Widening the horizons of service
The purposes, methods of delivery and business partnerships defining pulp and paper industry services are changing and have been for some time. The pay-as-you-go or onrequest services of years gone by are diminishing and longer-term agreements between Metso and its customers are in the forefront. Such agreements can cover, for example, maintenance outsourcing, roll maintenance services, supply chain management of consumables and process improvement programs.
These agreements and the Metso - client business relationships behind them are based on maintenance effectiveness, pulp and paper making performance as well as good delivery logistics, inventory control and cost management. Of course, the papermaking know-how developed over many years and in a wide variety of customer mills is an important element which adds even more value to these services.
Full-time presence at mills
Metso is now known as an effective and performance-focused business manager for its clients’ physical maintenance needs, consumables supply management and cost controls. Rather than being a “call in when needed” participant in mill maintenance Metso now has a full-time presence in many mills.
Jukka Tiitinen, President of Metso’s Services business line, Pulp, Paper and Power, defines Metso’s business relationship with customers: “We aim to have a seamless capital equipment sales and service organization to make it easy for our customers to deal with Metso and to take advantage of the added value in our services. That value, which comes from our know-how, will result in more productive and sustainable processes.”
With 5,000 employees and 70 service centers Metso’s Pulp, Paper and Power service organization is certainly global, but Tiitinen emphasizes the importance of local expertise and customer support. “Our local people are close to our customers and understand their needs, so our local engineering teams can deal with customer without translation,” he says. The local people are backed up by the global network of expertise.
Tiitinen explains that Metso’s value-added also comes from focusing on services related to a more sustainable operation, including reducing raw materials and resources – including water, fiber and energy. In fact, Metso is dedicating significant research and development efforts in these areas.
Headline news, underlying trends
Juha S Ojala
, Metso’s Manager of Concept Development for Services, gives his view of the current direction of maintenance services: “There is a clear trend that a growing number of our customers are looking to outsource certain business processes. The prime example is, of course, maintenance outsourcing which now has an important role also in Metso’s services portfolio. I believe the next success story will be comprehensive solutions regarding production consumables, such as fabrics. The logic of being able to reduce the cost and performance risk of consumables is compelling.“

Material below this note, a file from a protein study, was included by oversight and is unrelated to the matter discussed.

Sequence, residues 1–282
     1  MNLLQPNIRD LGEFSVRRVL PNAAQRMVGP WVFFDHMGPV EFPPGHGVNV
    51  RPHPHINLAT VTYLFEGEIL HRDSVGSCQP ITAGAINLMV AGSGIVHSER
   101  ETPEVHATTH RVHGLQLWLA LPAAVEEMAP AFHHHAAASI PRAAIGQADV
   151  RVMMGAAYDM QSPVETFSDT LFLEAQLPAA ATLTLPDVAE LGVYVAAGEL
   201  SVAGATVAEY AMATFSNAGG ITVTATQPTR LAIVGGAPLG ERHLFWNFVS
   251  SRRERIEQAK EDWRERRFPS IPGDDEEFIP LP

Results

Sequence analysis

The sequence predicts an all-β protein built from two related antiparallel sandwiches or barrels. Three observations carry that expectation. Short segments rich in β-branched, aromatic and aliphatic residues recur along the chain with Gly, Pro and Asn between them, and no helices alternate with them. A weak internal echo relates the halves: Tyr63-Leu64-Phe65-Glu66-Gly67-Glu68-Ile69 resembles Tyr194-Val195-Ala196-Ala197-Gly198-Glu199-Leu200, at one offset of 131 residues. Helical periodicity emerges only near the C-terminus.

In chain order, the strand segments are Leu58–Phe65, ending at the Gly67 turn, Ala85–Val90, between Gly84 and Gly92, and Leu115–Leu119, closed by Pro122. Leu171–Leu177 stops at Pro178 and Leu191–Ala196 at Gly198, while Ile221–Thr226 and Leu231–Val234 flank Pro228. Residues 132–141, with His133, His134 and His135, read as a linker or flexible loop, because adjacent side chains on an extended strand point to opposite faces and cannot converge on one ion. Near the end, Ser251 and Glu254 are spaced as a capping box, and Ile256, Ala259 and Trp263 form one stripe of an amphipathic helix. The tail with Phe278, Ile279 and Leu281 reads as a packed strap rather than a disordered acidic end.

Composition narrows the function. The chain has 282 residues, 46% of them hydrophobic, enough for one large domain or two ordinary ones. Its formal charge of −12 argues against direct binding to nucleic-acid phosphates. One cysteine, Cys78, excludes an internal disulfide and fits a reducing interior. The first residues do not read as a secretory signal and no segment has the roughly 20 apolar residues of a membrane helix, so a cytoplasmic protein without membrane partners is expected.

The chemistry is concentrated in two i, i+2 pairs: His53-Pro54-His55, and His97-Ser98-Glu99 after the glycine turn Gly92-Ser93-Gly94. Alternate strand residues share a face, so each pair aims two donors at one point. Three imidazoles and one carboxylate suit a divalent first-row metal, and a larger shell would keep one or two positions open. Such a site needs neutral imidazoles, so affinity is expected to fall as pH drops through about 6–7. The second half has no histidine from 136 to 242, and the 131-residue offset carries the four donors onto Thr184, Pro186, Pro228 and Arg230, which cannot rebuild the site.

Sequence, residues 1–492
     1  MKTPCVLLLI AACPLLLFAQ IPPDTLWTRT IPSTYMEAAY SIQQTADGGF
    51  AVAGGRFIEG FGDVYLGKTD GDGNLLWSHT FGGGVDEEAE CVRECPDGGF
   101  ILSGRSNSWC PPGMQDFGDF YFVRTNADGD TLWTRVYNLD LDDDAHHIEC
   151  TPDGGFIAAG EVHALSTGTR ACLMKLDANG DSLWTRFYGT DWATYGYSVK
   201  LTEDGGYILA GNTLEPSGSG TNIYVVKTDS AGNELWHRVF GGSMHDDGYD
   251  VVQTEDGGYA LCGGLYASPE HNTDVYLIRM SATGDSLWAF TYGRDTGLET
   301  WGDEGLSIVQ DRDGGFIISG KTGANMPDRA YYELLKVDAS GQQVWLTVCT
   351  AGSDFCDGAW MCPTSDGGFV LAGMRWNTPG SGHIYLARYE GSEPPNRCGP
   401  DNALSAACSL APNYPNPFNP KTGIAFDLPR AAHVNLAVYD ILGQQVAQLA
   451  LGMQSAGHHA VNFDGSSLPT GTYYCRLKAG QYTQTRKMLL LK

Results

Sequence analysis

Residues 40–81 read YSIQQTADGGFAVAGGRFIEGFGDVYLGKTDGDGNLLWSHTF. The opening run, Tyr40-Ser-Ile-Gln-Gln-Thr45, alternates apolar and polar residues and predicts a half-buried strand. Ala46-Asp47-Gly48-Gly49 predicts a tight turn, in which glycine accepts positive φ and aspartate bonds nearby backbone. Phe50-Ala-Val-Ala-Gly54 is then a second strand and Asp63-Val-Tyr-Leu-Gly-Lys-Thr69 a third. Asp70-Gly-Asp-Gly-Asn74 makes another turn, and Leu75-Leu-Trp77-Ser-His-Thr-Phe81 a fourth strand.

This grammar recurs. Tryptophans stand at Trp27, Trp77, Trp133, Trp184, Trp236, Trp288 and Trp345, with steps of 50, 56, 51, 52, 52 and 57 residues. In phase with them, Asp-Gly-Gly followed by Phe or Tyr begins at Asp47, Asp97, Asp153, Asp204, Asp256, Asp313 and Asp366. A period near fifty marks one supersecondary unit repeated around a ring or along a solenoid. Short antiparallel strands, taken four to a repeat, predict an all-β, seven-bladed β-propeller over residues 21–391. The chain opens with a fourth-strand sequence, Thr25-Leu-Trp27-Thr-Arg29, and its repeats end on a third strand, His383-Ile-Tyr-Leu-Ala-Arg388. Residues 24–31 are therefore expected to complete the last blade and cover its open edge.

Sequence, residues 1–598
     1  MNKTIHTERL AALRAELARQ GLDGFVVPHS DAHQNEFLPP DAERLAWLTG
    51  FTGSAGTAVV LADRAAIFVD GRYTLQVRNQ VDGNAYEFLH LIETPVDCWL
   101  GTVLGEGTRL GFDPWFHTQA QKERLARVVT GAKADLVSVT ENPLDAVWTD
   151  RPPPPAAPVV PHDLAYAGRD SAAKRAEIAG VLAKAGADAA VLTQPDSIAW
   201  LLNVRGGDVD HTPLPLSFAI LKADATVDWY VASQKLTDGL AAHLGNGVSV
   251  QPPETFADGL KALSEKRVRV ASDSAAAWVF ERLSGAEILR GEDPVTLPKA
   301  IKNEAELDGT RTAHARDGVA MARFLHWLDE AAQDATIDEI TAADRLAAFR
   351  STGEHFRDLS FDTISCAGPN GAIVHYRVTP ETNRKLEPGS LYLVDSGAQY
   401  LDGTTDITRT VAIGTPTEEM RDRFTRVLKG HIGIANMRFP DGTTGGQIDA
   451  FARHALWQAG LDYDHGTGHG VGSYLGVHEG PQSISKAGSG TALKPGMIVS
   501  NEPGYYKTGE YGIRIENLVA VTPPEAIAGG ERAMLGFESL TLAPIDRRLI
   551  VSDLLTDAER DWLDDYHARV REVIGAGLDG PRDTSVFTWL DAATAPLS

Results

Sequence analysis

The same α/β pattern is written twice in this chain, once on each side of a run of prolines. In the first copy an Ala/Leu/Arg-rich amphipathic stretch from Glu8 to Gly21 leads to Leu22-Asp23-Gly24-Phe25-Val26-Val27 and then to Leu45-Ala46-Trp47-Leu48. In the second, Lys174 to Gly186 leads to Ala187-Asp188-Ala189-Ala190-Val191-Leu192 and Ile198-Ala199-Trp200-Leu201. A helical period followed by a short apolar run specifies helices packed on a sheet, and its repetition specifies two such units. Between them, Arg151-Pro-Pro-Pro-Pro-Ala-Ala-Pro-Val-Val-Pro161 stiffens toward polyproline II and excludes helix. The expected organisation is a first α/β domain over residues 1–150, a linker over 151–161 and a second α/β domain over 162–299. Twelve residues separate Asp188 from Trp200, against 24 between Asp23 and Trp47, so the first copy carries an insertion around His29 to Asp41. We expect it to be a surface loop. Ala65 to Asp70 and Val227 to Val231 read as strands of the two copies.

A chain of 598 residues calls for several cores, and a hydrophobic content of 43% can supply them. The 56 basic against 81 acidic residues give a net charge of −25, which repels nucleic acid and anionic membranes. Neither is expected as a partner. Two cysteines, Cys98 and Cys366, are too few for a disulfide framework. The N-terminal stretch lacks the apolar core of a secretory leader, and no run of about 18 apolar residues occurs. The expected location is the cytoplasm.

There are major agreements that have been reported recently in the pulp and paper trade press and are catching the interest of the industry. Saica’s whole-mill outsourced maintenance concept appointed Metso as the primary maintenance provider for the new Partington, UK mill for a six-year period, including the mill start-up period. This landmark agreement is based on Saica’s positive experiences with Metso outsourced services over several years and other similar reference production lines in Europe.
Later this year, Amcor Packaging will start up the new Metso-supplied B9 board machine at its Botany mill in Australia with a multi-year mill maintenance agreement. Metso will assume full responsibility for the establishment of maintenance operations, mill maintenance services and management of improvement projects for the stock and paperboard production facilities as well as the mill utilities.
Holmen Paper in Hallsta, Sweden is another example of a mill which has shown its confidence in Metso’s maintenance services. They recently signed a three-year contract for comprehensive roll maintenance services through Metso’s local roll shops and with an active Metso presence in the mill. The mill expects better production line performance from this agreement, which is in line with many customers’ expectations.
Underlying these news headliners there are many other agreements which are not headline grabbers but still define the trends in the services business. These agreements can be as varied in scope and implementation as there are customer needs. However, many are driven by the same basic requirements. New production lines need to start up and reach productivity milestones quickly to ensure that return on investment goals are met or exceeded and to continue on that path of improvement for years after. In the same vein, existing production lines need to improve maintenance effectiveness and production line performance and keep costs in line or reduce them.
Numerous examples of these types of contracts have been customized to local requirements using local staff and facilities.
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Widening the horizons of service